FIG. 6 shows a boundary scan register that can be connected to a bi-directional signal of a device in accordance with a preferred embodiment of the present invention. The bi-directional pin boundary scan register supports both controllability and observability for the input/output signal. The bi-directional pin boundary scan register includes a D flip-flop 117 which operates as a shift stage. A D flip-flop 118 operates as an update stage. A Clock-DR signal on line 124 is used to clock D flip-flop 117. An Update-DR clock signal on a line 125 is used to clock D flip-flop 118. The Q output of flip-flop 117 is connected to the D input of flip-flop 118. A scan out signal is placed on a line 128. A multiplexor 119 selects either data from a core out line 135 or output from D flip-flop 118 to forward to the input of tri-state gate 112. Multiplexor 119 is controlled by a Mode-one line 126. A multiplexor 116 selects either data from a multiplexor 115 or data from a scan-in line 123 to place as input to D flip-flop 117. Multiplexor 116 is controlled by a Shift/Load mode line 122.

A WS line 129 is used with a logic AND gate 109 and a not gate 114 to control a gate 113. When gate 113 is opened, the logic value on the output of D flip-flop 118 is applied on pad 111. Tri-state gate 112 is used to gate the logic value on pad 111. A multiplexor 115 selects either data from core out line 135 or data from a multiplexor 132 to forward to multiplexor 116. Multiplexor 115 is controlled by an output enable (oen) line 130. A multiplexor 132 selects either data from input/output pad 111 or data from a multiplexor 131 to forward to multiplexor 115. Multiplexor 132 is controlled by a Mode-two line 121. A multiplexor 131 selects either data from multiplexor 119 or data from input/output pad 111 to forward to multiplexor 132. Multiplexor 131 is controlled by the output of a logic AND gate 120. Multiplexor 131 provides a signal for a core-in signal line 133. Logic AND gate 120 performs a logic AND of an inverse of the signal on Mode-two line 121 and the signal on output enable (oen) line 130. The signal on oen line 130 is also used to control tri-state gate 112.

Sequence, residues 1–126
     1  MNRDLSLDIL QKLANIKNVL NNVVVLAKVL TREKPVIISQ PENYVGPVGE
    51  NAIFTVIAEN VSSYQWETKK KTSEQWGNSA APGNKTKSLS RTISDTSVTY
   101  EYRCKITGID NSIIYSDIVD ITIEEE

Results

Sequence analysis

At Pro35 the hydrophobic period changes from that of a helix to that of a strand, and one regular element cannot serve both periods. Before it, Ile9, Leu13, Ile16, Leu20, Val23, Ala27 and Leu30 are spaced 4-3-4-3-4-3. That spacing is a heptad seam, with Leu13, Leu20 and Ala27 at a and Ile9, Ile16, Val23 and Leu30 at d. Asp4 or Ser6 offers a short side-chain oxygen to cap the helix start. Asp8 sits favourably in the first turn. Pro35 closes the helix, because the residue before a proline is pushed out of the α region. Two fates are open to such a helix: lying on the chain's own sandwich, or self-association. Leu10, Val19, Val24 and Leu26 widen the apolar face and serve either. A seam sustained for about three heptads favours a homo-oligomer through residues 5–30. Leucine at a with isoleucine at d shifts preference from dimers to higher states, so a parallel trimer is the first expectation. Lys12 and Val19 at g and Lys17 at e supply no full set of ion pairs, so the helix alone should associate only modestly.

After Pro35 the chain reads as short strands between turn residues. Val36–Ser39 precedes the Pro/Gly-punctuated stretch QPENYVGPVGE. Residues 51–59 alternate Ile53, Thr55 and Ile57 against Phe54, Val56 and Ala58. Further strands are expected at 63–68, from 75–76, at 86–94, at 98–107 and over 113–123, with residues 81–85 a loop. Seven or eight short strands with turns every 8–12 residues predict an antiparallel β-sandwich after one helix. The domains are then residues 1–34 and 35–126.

This type of bi-directional pin boundary scan register allows the input/output signal to be captured into the shift stage and scanned out for observation. In the input mode the update state flip-flop is used to provide a logic value on pad 111 as necessary during the test period. The result is that pin electronics of an ATE machine need not be connected to this type of bi-directional pin boundary scan register during the test period.

FIG. 7 shows a boundary scan register that can be connected to an enable control signal of a device in accordance with a preferred embodiment of the present invention. The enable pin boundary scan register supports both controllability and observability for the output enable (oen) signal controlling tri-state and/or bi-directional pins, as described above in the discussions of the tri-state boundary scan register (FIG. 5) and the bi-directional boundary scan register (FIG. 6). The enable boundary scan register includes a D flip-flop 157 which operates as a shift stage and another D flip-flop 158 operates as an update stage. A Clock-DR signal on line 164 is used to clock D flip-flop 157. An Update-DR clock signal on a line 165 is used to clock D flip-flop 158. The output of flip-flop 157 is connected to the D input of flip-flop 158. A scan out signal is placed on a line 168. A multiplexor 159 selects either data from a core out line 150 or data from a logic NAND gate 160 to generate a signal for an output enable (oen) signal 167. Logic NAND gate 160 performs a logic NAND operation on the inverted output of D flip-flop 158 and a Mode-three signal line 169. Multiplexor 159 is controlled by a Mode-one line 166. A multiplexor 156 selects either data from a multiplexor 155 or data from a scan-in line 163 to place as input to D flip-flop 157. Multiplexor 156 is controlled by a Shift/Load mode line 162. Multiplexor 155 selects either data from output enable (oen) signal 167 or data from core-out line 150 to forward to multiplexor 156. Multiplexor 155 is controlled by a Mode-two line 161.

FIG. 8 shows a boundary scan register that can be used for observe only of an input signal of a device in accordance with a preferred embodiment of the present invention. The observe-only input pin boundary scan register supports observability for the input signal without controllability. This is used, for example, for an input pin which receives a system clock.